Where Asghar Farhadi’s A Separation chronicled the disintegration of a marriage, The Past, the Iranian writer-director’s follow-up, begins four years after the marriage of its central characters has ended. In the instantly transfixing opening sequence Ahmad (Ali Mosaffa) and Marie (Bérénice Bejo) find each other on either side of an immense pane of glass, gesturing, mouthing words, neither of them audible to the other or to us. Ahmad has flown to Paris from Tehran to finalize the divorce. Marie comes to fetch Ahmad from the airport in a borrowed car—borrowed from whom she won’t say, though the dry cleaning dangling in the back is conspicuous. This soon-to-be ex-couple are pleasant with each other, all grievances presumably having lost their venom years ago. Indeed, the complicated yet completely coherent drama about to unfold is generated not from tensions between Ahmad and Marie but from within a larger circle of characters, all of whom, whether children or adults, present or absent, are somehow ensnared in the powerful force that gives the film its title.
Marie drives Ahmad to her home—his former home—where he finds in her backyard two children, one being the youngest of Marie’s daughters from another relationship, the other being a little boy Ahmad has never met. During the first third or so of The Past Farhadi is careful not to rush exposition, focusing neither on explaining the past or foreshadowing the future, and instead living fully in the moment. He knows that everything to come will carry more weight after we’ve done some of our own detective work, spent time coming to know these characters in a more organic method. Marie’s home, for example, is cluttered and wears layers of varied inhabitants. Messes have meaning, as does the dynamic between she and that temperamental little boy. Let’s not get too precious about spoilers: that boy is the son of Marie’s new partner, Samir (A Prophet’s Tahar Rahim), who Marie wants to marry, thus the sudden urge to sign papers. Marie hasn’t informed Ahmad of the details of her current situation, though the reasons for her continual withholding grow only more complex as the story continues. Marie’s teenage daughter Lucie (Pauline Burlet) disapproves of her mother’s new relationship so vehemently that she refuses to come home. Is this simply a matter of Lucie’s unwillingness to allow an intruder into her already broken family? Is there something more at stake?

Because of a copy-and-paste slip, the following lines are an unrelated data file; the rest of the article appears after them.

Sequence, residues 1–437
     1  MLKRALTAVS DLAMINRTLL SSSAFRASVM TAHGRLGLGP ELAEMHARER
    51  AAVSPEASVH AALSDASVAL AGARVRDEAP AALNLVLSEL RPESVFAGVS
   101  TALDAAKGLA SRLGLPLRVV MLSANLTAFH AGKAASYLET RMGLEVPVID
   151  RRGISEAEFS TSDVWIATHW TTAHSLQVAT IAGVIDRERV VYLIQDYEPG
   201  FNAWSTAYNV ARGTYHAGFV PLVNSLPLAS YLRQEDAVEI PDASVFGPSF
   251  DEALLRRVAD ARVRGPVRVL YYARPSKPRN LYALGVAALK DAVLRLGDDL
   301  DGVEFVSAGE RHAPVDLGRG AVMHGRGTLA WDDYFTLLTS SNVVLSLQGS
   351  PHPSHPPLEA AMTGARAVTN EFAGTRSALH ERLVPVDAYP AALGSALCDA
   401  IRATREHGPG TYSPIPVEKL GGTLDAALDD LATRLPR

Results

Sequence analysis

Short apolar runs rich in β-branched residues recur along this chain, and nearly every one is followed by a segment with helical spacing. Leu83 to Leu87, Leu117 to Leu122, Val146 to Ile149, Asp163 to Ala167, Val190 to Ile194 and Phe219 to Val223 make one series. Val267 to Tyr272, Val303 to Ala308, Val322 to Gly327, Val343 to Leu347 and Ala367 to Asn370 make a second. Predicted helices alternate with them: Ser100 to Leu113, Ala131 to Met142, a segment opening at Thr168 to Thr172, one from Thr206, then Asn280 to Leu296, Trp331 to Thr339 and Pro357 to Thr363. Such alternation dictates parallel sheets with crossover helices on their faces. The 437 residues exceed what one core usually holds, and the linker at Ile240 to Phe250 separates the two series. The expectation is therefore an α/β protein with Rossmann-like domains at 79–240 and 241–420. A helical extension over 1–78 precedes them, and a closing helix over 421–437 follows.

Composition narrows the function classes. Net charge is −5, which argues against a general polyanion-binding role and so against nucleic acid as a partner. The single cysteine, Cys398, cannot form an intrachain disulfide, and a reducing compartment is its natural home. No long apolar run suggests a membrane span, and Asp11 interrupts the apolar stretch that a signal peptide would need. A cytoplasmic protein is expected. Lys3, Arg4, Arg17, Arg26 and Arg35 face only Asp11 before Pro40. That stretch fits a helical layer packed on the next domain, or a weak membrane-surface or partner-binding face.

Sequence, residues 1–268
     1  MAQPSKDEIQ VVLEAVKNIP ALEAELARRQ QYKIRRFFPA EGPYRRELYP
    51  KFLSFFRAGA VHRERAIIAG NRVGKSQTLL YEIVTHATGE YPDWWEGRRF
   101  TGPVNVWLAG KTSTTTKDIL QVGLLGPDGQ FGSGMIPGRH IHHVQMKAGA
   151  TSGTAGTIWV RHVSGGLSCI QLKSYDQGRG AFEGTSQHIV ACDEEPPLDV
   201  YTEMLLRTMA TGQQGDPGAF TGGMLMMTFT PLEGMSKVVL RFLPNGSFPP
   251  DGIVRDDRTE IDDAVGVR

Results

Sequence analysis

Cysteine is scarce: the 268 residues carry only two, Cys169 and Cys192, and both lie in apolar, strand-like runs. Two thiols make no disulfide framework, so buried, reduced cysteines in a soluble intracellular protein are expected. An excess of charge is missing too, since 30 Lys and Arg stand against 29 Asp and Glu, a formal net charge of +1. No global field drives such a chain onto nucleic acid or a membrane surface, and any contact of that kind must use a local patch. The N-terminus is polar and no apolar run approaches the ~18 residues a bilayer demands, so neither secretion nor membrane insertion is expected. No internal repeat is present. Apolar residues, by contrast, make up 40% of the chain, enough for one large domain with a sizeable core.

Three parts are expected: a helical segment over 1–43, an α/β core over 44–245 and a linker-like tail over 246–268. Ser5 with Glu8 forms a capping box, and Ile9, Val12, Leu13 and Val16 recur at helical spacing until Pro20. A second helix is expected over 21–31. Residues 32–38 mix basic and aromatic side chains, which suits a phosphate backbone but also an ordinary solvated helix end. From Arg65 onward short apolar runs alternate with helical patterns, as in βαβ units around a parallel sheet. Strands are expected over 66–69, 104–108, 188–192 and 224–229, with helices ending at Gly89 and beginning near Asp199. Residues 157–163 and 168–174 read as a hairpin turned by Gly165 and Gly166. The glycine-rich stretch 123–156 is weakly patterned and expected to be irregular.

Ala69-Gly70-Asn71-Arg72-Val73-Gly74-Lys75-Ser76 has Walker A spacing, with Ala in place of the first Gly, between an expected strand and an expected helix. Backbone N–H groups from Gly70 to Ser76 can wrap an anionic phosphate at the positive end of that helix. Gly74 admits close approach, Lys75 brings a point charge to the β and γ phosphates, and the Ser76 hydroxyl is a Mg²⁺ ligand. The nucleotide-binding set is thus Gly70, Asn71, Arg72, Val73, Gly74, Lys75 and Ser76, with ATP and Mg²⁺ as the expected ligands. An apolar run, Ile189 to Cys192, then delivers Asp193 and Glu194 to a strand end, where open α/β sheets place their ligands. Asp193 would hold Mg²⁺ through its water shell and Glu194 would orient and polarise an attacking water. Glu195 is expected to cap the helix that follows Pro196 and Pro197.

I fear that if I overemphasize the immaculate structuring of The Past I’ll give the impression that it’s been dramaturged within an inch of its life—nothing could be farther from the truth. Farhadi simply excels at character and plot development to a degree that’s extremely rare in adult, intellectually sophisticated, emotionally resonant drama. Some of what’s revealed here is devastating, yet by the time such revelations arise we’ve beheld a boggling geometry of allegiances and have cause to feel such investment in every character that it becomes impossible to delineate who’s supposed to be villain, who hero. This is a moral tale in the most modern sense, by which I mean there’s no moral to be surmised, only recognized, worked through, considered. And while Farhadi’s style is relatively straightforward and chronological, utilizing hard cuts, no score and brilliant naturalistic performances, there is something about his approach to working through moral quandaries that, like the mysterious scenes that open and close The Past, recall the films of Kieślowski. Which is meant as a high compliment.